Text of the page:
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Dafydd & Tesni Jones
2008 Winners RWAS Contractor of the Year
Rhododendron Control Information
Rhododendron Ponticum was first introduced to Britain as seed in the 1760’s and became readily supplied by the nursery trade throughout the late part of the 18th Century and early part of the 19th Century. This species of Rhododendron was used extensively as an attractive flowering plant in parks and gardens and was also used to provide shelter for game on Victorian hunting estates.
It became apparent that with its ability to readily send out suckers from any buried root material and its very effective seed production, it was becoming a very invasive plant, taking over and affecting the growth of more native species in the oak woodlands and heathlands of western Europe. Soil and weather conditions in the UK are also ideal for the growth of Rhododendron.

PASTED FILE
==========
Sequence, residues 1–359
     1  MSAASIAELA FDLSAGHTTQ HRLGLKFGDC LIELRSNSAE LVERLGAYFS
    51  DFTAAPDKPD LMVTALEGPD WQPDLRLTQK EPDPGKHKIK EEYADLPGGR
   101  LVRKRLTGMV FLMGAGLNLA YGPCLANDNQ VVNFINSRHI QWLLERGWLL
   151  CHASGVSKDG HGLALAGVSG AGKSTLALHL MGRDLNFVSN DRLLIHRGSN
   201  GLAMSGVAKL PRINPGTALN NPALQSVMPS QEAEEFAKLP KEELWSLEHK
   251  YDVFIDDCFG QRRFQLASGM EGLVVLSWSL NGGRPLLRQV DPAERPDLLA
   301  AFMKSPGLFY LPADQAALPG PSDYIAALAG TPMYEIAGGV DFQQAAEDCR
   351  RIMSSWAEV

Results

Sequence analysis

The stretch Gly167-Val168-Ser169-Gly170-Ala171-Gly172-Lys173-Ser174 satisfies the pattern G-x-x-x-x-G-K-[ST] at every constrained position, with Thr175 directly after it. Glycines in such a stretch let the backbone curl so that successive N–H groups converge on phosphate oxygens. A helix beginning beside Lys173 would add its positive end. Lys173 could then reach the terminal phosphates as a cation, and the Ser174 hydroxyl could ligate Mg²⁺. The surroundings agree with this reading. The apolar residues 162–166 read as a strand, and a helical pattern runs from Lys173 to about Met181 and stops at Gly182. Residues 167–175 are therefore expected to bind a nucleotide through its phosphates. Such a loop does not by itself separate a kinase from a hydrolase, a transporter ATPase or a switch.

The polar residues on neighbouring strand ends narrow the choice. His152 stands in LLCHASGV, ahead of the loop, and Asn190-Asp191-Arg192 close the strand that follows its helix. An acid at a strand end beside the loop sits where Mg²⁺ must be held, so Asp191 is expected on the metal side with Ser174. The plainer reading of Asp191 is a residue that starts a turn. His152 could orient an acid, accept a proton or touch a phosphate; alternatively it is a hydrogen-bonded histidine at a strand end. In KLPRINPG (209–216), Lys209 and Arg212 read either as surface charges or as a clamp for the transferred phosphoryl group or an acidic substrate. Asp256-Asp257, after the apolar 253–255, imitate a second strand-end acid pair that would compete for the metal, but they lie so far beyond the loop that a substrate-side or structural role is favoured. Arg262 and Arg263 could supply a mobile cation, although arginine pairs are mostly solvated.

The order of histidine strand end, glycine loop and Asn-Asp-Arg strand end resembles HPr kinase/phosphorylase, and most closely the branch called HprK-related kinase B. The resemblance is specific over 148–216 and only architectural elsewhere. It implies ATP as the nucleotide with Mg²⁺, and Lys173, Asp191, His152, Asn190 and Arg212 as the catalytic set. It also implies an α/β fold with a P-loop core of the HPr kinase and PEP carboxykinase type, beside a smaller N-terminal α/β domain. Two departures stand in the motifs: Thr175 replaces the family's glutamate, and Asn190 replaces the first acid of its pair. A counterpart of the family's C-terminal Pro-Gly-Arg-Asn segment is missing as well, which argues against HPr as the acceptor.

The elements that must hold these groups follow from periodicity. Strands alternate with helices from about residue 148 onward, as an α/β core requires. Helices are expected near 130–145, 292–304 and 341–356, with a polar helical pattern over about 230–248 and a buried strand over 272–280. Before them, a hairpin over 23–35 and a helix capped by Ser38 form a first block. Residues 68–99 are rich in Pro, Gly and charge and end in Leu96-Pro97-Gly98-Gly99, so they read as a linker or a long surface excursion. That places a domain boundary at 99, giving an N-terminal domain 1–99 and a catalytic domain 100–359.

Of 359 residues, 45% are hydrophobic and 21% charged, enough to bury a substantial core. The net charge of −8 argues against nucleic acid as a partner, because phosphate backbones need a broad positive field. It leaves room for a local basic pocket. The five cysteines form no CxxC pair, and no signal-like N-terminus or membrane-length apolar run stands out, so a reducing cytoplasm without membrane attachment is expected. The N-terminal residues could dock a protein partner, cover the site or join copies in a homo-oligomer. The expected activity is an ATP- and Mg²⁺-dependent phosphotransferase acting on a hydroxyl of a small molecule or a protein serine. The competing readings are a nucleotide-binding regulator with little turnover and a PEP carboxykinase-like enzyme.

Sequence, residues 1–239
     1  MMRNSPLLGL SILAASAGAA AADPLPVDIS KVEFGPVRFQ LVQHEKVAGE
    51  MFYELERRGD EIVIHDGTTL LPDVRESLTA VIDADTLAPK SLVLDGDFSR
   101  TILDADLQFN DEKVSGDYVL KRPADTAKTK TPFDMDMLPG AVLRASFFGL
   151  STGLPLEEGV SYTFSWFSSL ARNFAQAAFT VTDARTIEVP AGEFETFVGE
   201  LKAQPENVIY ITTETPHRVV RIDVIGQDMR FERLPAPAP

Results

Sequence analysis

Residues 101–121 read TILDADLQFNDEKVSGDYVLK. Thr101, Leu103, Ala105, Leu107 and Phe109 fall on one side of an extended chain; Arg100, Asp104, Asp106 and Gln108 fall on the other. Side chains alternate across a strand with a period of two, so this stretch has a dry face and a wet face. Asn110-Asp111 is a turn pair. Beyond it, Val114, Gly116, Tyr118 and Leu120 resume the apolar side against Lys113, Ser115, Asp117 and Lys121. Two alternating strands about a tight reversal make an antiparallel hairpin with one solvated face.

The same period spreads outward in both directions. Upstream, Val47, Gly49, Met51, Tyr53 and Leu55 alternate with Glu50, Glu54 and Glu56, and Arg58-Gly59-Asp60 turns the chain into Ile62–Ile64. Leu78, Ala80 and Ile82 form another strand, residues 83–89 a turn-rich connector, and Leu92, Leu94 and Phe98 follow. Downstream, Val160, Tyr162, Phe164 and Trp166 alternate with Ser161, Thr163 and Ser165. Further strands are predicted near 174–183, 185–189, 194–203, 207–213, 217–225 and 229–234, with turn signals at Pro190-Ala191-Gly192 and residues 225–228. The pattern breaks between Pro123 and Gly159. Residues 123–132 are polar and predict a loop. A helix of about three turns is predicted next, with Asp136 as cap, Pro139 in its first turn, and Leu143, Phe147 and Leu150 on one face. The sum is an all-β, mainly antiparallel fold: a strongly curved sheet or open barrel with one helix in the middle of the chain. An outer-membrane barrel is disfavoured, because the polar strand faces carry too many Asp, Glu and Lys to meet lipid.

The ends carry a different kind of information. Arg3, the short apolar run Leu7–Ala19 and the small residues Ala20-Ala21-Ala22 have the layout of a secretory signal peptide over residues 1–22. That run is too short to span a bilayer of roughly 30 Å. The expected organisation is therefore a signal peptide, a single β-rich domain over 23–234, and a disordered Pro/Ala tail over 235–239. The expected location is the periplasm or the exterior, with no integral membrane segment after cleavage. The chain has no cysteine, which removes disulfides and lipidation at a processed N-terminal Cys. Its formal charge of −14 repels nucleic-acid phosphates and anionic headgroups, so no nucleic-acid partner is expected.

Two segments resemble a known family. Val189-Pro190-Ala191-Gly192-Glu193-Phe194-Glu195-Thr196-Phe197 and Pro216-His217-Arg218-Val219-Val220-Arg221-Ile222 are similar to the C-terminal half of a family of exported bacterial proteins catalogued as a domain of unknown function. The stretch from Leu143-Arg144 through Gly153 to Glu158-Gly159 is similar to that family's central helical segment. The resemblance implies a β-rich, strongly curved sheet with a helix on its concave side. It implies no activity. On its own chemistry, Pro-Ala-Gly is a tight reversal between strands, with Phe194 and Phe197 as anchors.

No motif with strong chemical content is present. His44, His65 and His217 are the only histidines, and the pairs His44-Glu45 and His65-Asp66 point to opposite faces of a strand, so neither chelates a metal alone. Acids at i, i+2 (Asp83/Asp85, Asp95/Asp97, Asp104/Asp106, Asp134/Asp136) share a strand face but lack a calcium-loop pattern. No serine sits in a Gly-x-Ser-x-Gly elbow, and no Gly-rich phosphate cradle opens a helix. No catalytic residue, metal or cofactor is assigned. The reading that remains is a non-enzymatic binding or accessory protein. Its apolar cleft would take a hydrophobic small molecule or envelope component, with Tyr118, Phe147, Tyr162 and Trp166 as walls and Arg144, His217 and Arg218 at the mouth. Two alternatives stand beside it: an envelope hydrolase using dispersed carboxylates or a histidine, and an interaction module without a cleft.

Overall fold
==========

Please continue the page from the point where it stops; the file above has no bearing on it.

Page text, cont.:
Populations of birds, earthworms and other wildlife can also be massively reduced in an area invaded by Rhododendron Ponticum, reducing the overall biodiversity of a site. In some cases the ground beneath a large Rhododendron plant can be completely sterile with no evidence of other flora or fauna.
Rhododendron clearance is usually the first stage of any habitat regeneration programme where there is an abundance of this invasive species. In some areas, the Rhododendron invasion can be so extensive that access to the site can be impossible without first removing the bulk of the plant. Once access can be gained, the exposed main stems and roots of the plant can then be treated in a manner that is suited to that particular site. In some cases this may involve the injecting of roots with a herbicide or in other cases, cutting and burning ar cutting and stacking of the Rhododendron bushes. Rhododendron removal must be carried out with a sensitive approach to other flora and fauna that may be present within the rhododendron management site.